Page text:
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The West Side Tennis Club, Art by Normandie Syken

Pen and ink drawing, watercolor. The real world, the artist’s imagination. Life’s drift or dialogue between the two. Normandie Syken’s Junior Tennis mixes a childhood world of innocence with moments of hard-to-pin-down adult introspection. Soft washes of watercolor are everywhere. Tennis balls dot the courts like an impressionist’s flowers. Overly large figures of adult authority—the tennis pros—are seemingly made kinder, gentler by both the task they undertake and the surrounding pastoral grass.

Painted entirely in watercolor, the Westside’s iconic tudor house looms quietly in the background, a silent witness to 60 years of US National Championships—later the US Open—from 1915-1977. Half-enchanted by Syken’s painting, I imagine this historic clubhouse as some godlike, omniscient depository of memory; its two all-seeing eyes suggested by Syken’s paint watch player after player from the past: Arthur Ashe who wrote “A Hard Road to Glory,” his three-volume history of the black athlete; Billie Jean King who confessed: I couldn’t get a closet deep enough. I’ve got a homophobic family, a tour that will die i(f I come out, the world is homophobic and, yeah, I was homophobic; Bobby Riggs and Don Budge, the two best players in the world, who played in the service during WWII a few miles away from where The Enola Gay took off for Hiroshima; Althea Gibson who boxed with her father on the rooftops of Harlem; Chris Evert whose two-handed backhand sparked a revolution. Did do will you and your children hit it, too?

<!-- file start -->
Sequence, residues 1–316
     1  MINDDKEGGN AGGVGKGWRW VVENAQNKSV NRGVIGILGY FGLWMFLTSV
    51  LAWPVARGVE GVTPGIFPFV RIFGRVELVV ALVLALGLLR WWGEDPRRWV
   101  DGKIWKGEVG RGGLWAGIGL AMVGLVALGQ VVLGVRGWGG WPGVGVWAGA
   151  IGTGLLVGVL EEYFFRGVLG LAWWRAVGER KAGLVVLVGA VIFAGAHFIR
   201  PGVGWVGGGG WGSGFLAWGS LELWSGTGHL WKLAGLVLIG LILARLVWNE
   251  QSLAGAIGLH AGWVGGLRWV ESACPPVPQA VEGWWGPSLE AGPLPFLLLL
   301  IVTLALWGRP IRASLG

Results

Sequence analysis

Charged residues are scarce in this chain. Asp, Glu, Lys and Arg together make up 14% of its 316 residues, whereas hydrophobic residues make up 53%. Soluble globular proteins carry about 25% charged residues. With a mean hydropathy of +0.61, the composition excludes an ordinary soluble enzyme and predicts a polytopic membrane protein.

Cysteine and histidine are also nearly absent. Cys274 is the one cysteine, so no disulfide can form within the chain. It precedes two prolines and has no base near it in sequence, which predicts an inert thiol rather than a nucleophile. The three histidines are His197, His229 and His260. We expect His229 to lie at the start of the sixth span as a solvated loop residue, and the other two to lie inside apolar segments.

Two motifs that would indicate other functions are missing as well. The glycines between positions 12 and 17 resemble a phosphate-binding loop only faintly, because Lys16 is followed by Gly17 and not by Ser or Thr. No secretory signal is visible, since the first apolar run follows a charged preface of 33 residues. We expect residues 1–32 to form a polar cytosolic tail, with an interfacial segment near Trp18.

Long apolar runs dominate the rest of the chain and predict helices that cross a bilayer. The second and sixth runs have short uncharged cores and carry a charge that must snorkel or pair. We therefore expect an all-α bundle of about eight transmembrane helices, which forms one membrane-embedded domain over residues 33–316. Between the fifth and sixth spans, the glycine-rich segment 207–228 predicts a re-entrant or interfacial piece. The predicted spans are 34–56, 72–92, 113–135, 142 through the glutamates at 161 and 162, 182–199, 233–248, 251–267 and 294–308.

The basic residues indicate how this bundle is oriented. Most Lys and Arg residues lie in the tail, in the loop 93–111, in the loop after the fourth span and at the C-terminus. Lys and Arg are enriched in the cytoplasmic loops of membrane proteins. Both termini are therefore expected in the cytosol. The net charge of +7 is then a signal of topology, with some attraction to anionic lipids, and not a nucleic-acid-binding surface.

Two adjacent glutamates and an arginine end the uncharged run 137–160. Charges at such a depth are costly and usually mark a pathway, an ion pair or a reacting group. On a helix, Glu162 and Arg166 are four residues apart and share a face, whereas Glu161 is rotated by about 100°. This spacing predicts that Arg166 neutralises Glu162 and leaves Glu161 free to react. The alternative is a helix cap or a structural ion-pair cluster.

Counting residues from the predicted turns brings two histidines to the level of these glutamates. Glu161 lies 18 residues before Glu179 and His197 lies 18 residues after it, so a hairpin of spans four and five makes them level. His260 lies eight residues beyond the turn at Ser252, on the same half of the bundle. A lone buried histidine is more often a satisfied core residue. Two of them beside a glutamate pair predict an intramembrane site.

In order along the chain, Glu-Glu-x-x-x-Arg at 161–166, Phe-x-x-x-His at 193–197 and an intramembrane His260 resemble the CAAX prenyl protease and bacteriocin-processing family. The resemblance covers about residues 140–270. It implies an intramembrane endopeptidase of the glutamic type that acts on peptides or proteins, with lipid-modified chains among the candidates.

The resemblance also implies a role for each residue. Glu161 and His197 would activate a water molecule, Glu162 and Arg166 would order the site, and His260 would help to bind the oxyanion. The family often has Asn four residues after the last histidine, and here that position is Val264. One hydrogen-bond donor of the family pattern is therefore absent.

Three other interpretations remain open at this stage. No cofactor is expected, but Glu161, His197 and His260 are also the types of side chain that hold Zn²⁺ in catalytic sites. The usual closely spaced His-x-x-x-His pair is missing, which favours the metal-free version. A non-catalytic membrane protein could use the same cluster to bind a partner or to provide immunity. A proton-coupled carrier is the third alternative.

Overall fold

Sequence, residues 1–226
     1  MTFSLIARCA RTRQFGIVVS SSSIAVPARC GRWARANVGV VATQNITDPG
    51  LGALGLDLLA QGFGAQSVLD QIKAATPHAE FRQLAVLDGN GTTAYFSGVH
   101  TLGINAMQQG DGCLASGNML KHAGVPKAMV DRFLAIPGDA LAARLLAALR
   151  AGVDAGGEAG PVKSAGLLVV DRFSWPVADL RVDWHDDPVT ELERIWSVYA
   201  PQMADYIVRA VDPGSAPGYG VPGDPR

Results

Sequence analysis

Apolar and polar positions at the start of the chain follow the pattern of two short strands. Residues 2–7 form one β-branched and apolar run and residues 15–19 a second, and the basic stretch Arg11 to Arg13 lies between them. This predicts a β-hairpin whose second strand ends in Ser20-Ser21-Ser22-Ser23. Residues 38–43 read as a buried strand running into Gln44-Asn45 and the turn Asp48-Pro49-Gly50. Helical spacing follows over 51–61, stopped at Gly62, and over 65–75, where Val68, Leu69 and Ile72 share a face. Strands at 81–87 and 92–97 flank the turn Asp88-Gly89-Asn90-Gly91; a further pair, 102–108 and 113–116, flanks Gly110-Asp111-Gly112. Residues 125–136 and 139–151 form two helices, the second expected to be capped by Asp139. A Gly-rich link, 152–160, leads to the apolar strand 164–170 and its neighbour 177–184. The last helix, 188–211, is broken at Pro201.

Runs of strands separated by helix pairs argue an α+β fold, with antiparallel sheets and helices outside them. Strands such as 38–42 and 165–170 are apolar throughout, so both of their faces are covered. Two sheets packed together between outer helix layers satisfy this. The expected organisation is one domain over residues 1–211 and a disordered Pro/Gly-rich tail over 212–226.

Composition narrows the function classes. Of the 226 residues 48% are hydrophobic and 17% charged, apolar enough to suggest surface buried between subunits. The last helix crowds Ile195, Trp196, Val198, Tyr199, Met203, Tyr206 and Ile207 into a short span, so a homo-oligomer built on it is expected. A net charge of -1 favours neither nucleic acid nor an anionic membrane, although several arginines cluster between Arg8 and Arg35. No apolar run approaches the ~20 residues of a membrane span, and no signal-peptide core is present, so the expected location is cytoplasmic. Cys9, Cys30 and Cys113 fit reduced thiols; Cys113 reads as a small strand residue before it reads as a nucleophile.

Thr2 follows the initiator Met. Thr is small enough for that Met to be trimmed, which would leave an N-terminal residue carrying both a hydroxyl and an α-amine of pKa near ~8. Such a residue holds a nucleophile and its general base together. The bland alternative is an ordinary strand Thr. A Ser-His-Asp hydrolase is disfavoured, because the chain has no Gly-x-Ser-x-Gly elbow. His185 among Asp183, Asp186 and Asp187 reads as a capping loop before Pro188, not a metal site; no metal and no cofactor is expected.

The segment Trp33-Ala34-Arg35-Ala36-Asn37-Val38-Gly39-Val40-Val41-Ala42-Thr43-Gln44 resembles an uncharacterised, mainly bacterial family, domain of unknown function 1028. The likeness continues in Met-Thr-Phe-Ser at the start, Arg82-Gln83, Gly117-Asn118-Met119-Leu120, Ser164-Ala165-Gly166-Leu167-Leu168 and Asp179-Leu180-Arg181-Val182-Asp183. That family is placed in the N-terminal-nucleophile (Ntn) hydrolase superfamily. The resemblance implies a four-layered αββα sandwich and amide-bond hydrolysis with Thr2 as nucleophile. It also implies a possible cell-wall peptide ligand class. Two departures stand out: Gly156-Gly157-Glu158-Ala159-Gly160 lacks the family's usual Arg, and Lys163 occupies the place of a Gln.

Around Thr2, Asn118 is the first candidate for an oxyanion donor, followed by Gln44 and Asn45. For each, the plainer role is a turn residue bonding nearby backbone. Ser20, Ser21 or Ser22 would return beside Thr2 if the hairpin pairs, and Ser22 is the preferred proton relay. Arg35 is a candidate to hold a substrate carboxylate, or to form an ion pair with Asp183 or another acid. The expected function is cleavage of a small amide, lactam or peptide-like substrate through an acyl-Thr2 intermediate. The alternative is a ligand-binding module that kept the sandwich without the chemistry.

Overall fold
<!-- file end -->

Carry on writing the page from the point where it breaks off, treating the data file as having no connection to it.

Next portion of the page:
The Westside Tennis Club. Syken’s Art. Reality or Imagination?

More Paintings of The West Side Tennis Club from Normandie Syken

Normandie Syken, Wioletta and Sarah’s Match
Normandie Syken, Singles Match

Artist Bio: Normandie Syken is an illustrator from Queens, New York.  She attended the Frank Sinatra School of the Arts and earned her BFA in the illustration program at the School of Visual Arts.  Her work has been displayed in galleries and public places such as the SVA Chelsea Gallery and the Forest Hills Gardens Corporation.  Recently her artist’s books, prints and illustrations have been acquired by established collections across the U.S. and the U.K..  Normandie likes to draw from life and her imagination using pen and watercolor as well as experimenting with different printmaking techniques. If you see her around she is probably drawing your portrait in her sketchbook. In addition to visiting her website, you can see much of her work on instagram.

You can visit the website for the Westside Tennis Club at Forest Hills for more information on this historic club and its current activities.

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